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Multiple sclerosis, also

known as disseminated
sclerosis or
encephalomyelitis
disseminata is an
autoimmune condition in
which the immune
system attacks the
central nervous system,
leading to demyelination.
Multiple sclerosis is more common in
individuals of northern European
descent.

Women are more than twice as likely to


develop multiple sclerosis as men.

Multiple sclerosis usually affects people


between the ages of 20 and 50 years,
and the average age of onset is
approximately 34 years.

Myelin is made up of lipids and
proteins.

t acts as a type of insulation


around the axon of nerves.

emylenization occurs when the


myelin sheath becomes
damaged.

n MS, this is the result of an


abnormal autoimmune reaction

MYELIN
Exacerbations
= aharacterized by a sudden worsening of
symptoms.
x Lasts at least 24 hours
x Separated from last exacerbation by at least
one month
= aan last from a couple days to a few weeks.
= Followed by demyelinazation.
¦ EUDOEXACERBATION
= Symptoms are present in the same form as
regular exacerbations except:
x Something triggers the symptoms to come
out.
ΠFever, infection, hot weather, etc.
x When the trigger disappears the symptoms
disappear as well.
G  G
   


Relapsing-remitting M

Many cases initially take the form


of what is generally described as
relapsing-remitting MS. especially
in younger people. Symptoms
worsen during an µattack¶ or
µrelapse¶ or µÀare-up¶, may be at
their worst for several days or a
little longer, and then gradually
improve in the following weeks.
G  G
   

econdary ¦rogressive

Ghis describes another pattern


where symptoms gradually worsen
after the ¿rst µepisode¶ or µattack¶,
with a continuing increase in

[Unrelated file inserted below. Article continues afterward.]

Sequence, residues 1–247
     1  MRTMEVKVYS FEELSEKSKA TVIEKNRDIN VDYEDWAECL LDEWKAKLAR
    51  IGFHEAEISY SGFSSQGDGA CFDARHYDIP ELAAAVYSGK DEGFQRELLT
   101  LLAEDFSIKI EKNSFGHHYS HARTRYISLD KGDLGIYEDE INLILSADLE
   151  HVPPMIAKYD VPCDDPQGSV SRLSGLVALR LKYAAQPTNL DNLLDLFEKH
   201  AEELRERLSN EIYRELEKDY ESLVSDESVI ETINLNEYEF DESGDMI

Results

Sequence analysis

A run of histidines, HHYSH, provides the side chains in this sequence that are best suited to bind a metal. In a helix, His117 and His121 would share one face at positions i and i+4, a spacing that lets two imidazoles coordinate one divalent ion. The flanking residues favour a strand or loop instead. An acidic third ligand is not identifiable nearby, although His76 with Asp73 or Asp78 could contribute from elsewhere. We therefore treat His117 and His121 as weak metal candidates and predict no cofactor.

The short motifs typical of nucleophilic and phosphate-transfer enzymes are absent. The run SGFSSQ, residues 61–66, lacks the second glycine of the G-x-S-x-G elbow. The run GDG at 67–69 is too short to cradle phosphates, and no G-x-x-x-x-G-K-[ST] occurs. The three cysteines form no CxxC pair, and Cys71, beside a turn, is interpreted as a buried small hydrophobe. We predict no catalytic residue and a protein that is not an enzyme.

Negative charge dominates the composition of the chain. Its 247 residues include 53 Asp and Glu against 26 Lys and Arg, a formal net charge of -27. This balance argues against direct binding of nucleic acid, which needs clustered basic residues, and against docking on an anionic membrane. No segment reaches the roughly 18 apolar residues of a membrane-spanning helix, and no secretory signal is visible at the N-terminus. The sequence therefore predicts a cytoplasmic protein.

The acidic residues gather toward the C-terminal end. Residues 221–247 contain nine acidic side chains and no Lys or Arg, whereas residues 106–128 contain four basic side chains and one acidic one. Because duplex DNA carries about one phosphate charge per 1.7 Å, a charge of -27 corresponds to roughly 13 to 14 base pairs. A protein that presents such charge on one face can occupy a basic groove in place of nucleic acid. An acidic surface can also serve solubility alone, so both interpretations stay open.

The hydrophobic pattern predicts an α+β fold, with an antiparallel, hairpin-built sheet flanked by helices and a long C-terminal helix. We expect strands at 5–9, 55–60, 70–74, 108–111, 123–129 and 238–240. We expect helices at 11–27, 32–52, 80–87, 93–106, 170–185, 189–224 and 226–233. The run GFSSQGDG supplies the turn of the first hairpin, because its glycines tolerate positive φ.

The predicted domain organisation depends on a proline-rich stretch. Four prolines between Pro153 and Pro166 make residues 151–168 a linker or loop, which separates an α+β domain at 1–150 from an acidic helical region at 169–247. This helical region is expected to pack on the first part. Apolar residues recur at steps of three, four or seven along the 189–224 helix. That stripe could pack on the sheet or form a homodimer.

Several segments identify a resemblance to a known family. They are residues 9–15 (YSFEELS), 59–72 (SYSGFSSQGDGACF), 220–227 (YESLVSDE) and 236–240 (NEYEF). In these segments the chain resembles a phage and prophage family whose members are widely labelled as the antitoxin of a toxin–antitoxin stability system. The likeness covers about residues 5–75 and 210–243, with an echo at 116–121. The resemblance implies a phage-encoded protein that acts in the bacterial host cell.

disability; often this will involve
deterioration in bodily movement
(described as motor symptoms) of
one kind or another, or sensory
performance(especially eyesight).
G  G
   


¦rogressive Relapsing

aharacterized by relapses
followed by periods of remission,
however, during those periods of
remission there is a general
worsening of symptoms.
G  G
   


¦rimary ¦rogressive
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¦ GENES S F MULG ¦LE SaLERS S

n MS, sensitized G cells remain in the aNS and


promote infiltration of other agents that damage the
immune system. Ghe immune system attack leads to
inflammation that destroys myelin and
oligodendroglial cells that produces myelin in the
aNS.

emyleniation interrupts the flow of nerve impulses


and results in a variety of manifestation, depending
on which nerves are affected.

reas which are commonly affected: optic nerves,


cerebrum, brain stem, cerebellum, chiasm,
tracts, and the spinal cord.
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CLINICAL MANIFE TATION
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COGNITIVE ¦ROBLEM

f course people with MS, just like anyone else of a


similar age and sex, can suffer mental illness or
dementia but, clinically, people with MS do appear to
have more depression compared to other people, and
perhaps have what might be called mood swings rather
more often. More recently, studies have shown that
many people with MS have some problems with
memory and with what are called their cognitive
abilities, and these seem to be associated with the
effects of the disease. t is thought that MS could lead to